The Department of Justice was established in 1870 to support the Attorney General in the discharge of their responsibilities.
The Attorney General, the Secretary of State, the Secretary of the Treasury, and the Secretary of Defense are generally regarded as the four most important Cabinet officials in the United States because of the significance and age of their respective departments.
The Secretary of State is a senior official of the federal government of the United States of America, and as head of the United States Department of State, is principally concerned with foreign policy and is considered to be the U.S. government's equivalent of a Minister for Foreign Affairs.
The Secretary of the Treasury is the head of the United States Department of the Treasury which is concerned with financial and monetary matters, and, until 2003, also included several federal law enforcement agencies. This position in the federal government of the United States is analogous to the Minister of Finance in many other countries. The Secretary of the Treasury is a member of the President's Cabinet, and is nominated by the President of the United States. Nominees for Secretary of the Treasury undergo a confirmation hearing before the United States Senate Committee on Finance before being voted on by the United States Senate.
The Secretary of Defense (SecDef) is the leader and chief executive officer of the United States Department of Defense, the executive department of the Armed Forces of the U.S. The Secretary of Defense's position of command and authority over the U.S. military is second only to that of the President and Congress, respectively. This position corresponds to what is generally known as a Defense Minister in many other countries. The Secretary of Defense is appointed by the President with the advice and consent of the Senate, and is by custom a member of the Cabinet and by law a member of the National Security Council.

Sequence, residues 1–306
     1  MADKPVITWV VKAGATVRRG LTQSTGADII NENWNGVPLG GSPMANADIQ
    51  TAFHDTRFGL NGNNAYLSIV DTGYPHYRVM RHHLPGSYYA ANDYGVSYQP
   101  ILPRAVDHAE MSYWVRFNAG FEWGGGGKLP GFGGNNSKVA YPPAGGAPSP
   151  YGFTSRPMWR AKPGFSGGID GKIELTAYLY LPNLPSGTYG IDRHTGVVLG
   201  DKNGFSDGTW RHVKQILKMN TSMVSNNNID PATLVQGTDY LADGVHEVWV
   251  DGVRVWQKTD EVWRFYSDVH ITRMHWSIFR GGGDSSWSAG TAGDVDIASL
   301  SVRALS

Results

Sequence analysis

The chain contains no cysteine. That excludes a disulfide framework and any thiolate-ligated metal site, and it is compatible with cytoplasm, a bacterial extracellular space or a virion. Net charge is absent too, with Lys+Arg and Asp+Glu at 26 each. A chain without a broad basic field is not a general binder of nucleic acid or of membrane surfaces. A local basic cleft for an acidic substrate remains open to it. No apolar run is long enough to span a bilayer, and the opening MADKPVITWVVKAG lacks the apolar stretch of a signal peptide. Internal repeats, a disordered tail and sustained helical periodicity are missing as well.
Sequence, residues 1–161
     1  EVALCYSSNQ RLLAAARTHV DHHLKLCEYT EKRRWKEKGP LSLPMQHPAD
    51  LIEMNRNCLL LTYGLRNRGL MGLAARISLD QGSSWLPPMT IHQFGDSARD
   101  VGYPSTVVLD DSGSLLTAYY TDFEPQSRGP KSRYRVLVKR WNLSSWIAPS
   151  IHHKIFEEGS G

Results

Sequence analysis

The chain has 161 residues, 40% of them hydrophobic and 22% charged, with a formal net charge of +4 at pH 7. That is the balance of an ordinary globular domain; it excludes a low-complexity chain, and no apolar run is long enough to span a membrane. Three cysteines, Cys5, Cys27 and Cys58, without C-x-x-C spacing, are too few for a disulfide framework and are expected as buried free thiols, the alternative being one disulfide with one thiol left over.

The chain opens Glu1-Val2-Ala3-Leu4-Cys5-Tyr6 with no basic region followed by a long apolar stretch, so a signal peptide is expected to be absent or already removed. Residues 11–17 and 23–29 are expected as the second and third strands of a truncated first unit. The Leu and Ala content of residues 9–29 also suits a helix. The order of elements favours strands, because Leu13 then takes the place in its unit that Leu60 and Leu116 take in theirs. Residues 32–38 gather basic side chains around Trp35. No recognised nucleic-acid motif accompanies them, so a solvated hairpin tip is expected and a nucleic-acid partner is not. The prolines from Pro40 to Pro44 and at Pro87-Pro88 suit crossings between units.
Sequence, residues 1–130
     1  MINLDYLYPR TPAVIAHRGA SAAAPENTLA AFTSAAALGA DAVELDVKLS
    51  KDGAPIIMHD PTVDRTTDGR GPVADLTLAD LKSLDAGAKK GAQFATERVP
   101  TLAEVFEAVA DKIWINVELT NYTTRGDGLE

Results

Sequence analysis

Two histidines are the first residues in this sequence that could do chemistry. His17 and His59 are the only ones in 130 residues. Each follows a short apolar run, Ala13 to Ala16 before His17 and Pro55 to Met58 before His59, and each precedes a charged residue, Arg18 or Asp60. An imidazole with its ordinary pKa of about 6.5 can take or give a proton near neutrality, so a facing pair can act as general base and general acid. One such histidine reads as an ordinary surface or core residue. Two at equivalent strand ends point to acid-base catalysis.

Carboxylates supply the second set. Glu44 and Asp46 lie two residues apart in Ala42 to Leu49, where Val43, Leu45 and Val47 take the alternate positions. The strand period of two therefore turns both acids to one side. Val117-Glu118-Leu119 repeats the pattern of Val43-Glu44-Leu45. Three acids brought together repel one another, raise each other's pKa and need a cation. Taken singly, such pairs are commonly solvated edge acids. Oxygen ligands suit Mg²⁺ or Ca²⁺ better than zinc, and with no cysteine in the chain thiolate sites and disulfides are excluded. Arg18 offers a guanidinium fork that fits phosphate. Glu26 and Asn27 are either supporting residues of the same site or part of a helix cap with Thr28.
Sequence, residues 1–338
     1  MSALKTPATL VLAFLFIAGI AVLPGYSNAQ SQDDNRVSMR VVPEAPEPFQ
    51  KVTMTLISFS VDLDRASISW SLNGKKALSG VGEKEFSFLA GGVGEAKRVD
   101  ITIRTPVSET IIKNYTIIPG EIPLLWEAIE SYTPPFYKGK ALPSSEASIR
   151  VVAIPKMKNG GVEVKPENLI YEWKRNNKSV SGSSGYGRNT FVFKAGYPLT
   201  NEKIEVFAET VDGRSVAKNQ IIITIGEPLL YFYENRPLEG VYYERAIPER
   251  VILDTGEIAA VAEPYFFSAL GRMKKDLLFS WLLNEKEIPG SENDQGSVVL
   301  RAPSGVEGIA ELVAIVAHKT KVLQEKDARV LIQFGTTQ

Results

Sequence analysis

It is the practice for the Attorney General, along with many other public officials, to give resignation with effect on the Inauguration Day (January 20) of a new President. The Deputy Attorney General, who is also required to tender their resignation, is commonly requested to stay on and act as Attorney General pending the confirmation by the Senate of the new Attorney General.
For example, on the inauguration of President Donald Trump on January, 20, 2017, the tenure of the then Attorney General Loretta Lynch was brought to an end, and the Deputy Attorney General Sally Yates, who had also tendered her resignation, was asked to stay on and be Acting Attorney General until the confirmation of the new Attorney General Jeff Sessions, who had been nominated for the office in November 2016 by then-President-elect Donald Trump.
No party (1) Federalist (3) Democratic-Republican (5) Democratic (34) Whig (4) Republican (38)
|No.||Portrait||Name||State of Residence||Took office||Left office||President(s)|
|1||Edmund Randolph||Virginia||September 26, 1789||January 26, 1794||George Washington|
|2||William Bradford||Pennsylvania||January 27, 1794||August 23, 1795|